Refugees in Burma, Malaysia and Thailand: Rescue for Rohingya

Brad Blitz, May 2010
The World Today, Volume 66, Number 5

For months monitors have reported on the crackdown against stateless Rohingya refugees in south eastern Bangladesh and allegations that the Thai Navy is pushing back boatloads of them in the Andaman Sea. As Burma, Bangladesh and Thailand all gear up for elections, these practices seem more common. One fear is that anticipated changes in Burma following polling there will send more unwanted Muslim migrants to seek refuge in neighbouring states.

In March, physicians for human rights documented the effects of overcrowding, denial of access to food, health, and work among Rohingya refugees in Bangladesh. The Thai newspaper Phuketwan reported the disappearance of boats filled with Rohingya following naval activity near Phuket and suggested they had been intercepted and set adrift by the Thai Navy. Then, CNN and other media published claims that 92 Rohingya boatpeople had been chased out of Thai waters, only to wash up in Malaysia where they were detained.

Approximately 725,000 Rohingya are concentrated in North Arakan, also known as Rakhine state, a region of Burma that borders Bangladesh. No country will accept them as citizens, and they have suffered rape, forced labour and killings. Several hundred thousand have fled to Bangladesh, Thailand, Malaysia, and elsewhere in South Asia where they have received only very limited protection from nongovernmental organisations (NGOs) and the United Nations High Commissioner for Refugees (UNHCR).

Hundreds of thousands were expelled in the 1960s by the military-socialist regime of General Ne Win during the Burmese Way to Socialism nationalisation programme. Subsequent expulsions include the murderous ethnic cleansing campaign Operation Dragon King (Naga Min), which drove more than two hundred thousand Rohingya into Bangladesh in 1978, where an estimated ten thousand died from starvation and disease.

The source of the latest tragedy lies in the disenfranchisement of the Rohingya in Burma by a 1982 Citizenship Law which legalised their exclusion. Denied citizenship inside Burma, further discriminatory policies and an increasingly brutal regime, precipitated a series of refugee crises.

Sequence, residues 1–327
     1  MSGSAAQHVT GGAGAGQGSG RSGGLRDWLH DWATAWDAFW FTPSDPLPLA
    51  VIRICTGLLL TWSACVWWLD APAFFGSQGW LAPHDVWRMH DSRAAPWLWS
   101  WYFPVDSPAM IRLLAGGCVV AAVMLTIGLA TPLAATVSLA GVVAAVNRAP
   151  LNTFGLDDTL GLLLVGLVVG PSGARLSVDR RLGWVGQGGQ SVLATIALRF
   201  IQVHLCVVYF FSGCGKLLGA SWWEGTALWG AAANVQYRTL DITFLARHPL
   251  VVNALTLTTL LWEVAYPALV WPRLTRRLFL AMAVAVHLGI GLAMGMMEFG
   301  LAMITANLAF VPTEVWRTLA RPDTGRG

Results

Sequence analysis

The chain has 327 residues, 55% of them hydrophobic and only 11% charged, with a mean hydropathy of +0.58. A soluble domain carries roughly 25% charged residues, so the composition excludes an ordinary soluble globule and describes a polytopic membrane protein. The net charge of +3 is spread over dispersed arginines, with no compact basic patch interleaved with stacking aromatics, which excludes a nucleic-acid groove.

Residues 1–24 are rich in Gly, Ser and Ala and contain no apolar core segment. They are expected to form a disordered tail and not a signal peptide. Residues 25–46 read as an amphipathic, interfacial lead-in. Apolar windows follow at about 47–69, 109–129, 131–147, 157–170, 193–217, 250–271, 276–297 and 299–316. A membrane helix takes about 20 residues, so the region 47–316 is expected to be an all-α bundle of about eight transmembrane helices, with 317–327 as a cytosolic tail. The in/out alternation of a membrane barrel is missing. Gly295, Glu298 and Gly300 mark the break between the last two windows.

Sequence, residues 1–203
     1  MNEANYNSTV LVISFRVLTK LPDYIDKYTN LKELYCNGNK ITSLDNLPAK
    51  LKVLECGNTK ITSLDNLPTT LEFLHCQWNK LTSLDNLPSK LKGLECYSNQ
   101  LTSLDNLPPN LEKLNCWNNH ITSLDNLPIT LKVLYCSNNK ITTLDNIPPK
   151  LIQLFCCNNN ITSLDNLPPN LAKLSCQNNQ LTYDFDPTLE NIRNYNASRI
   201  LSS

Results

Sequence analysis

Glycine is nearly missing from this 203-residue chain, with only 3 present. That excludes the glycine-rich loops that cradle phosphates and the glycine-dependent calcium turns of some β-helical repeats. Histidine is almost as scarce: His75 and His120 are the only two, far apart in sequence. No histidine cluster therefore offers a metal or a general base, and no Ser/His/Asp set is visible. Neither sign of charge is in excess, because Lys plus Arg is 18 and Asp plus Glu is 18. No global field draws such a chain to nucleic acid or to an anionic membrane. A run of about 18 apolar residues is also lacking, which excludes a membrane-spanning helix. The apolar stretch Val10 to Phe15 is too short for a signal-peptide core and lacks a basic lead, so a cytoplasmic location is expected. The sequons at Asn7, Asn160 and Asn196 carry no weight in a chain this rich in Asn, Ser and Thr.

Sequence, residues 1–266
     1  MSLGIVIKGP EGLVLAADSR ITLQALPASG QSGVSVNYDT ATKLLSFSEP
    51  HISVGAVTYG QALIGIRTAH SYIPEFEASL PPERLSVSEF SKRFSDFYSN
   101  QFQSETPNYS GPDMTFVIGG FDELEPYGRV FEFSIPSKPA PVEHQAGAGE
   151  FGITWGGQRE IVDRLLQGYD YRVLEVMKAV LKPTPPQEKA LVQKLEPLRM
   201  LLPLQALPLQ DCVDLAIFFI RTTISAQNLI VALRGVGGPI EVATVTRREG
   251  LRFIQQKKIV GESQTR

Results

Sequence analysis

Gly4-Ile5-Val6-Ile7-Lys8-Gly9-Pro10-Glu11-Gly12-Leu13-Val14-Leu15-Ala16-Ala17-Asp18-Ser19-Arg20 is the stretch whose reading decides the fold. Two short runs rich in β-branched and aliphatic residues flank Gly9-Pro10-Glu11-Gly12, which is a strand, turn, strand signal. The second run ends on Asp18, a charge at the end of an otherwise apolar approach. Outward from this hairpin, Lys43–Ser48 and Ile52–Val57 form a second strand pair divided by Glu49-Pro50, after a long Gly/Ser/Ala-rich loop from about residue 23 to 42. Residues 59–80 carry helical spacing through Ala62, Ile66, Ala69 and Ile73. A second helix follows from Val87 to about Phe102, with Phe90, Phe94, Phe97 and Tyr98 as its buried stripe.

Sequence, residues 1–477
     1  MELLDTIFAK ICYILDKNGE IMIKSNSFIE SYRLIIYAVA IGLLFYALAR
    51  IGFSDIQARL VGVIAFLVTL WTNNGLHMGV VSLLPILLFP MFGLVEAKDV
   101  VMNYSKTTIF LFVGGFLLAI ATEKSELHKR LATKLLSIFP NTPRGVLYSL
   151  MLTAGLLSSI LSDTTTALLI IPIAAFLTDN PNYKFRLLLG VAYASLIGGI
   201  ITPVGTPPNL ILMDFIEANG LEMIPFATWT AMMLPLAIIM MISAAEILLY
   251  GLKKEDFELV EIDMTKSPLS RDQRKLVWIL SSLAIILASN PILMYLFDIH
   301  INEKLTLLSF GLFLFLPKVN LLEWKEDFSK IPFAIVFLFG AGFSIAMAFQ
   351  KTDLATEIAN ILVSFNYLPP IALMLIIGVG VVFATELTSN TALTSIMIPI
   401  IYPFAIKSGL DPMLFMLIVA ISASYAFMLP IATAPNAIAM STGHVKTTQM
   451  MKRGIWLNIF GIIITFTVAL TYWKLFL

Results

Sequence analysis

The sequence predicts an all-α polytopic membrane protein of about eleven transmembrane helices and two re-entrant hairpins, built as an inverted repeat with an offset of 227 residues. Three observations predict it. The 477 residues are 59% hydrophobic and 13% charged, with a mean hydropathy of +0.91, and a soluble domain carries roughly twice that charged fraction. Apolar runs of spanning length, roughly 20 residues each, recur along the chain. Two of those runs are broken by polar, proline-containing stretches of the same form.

In 1991, the Burmese army expelled more than 250,000 Rohingya, destroying villages and buildings on its way, and forcing them into towns in southern Bangladesh, primarily around Teknaf and Cox’s Bazar. Three decades later, the Bangladeshi response has hardened with the government accused of withholding food aid, frustrating NGO access to camps, and with the exception of a small minority of Rohingya, generally refusing to recognise their rights as refugees.

As documented by Physicians for Human Rights, thousands of Rohingya refugees are now crammed in squalid settlements and only two, Kutupalong and Nayapara in Cox’s Bazar district, have been designated by the government as official UNHCR assisted refugee camps where there is food, healthcare and education for the children. Just 29,000 of the estimated two hundred to four hundred thousand Rohingya in Bangladesh have been given refugee status. And this number of displaced people is growing as new refugee movements continue, fuelled by systematic repression in Burma.

Arriving migrants face a challenging reception in Bangladesh. Denied access to UNHCR supported refugee camps because the authorities describe them as economic migrants, new arrivals are immediately faced with the threat of removal. The government of Bangladesh has stepped up efforts to return large numbers of Rohingya to Burma after new conflicts erupted over the two countries’ 320 kilometres maritime border.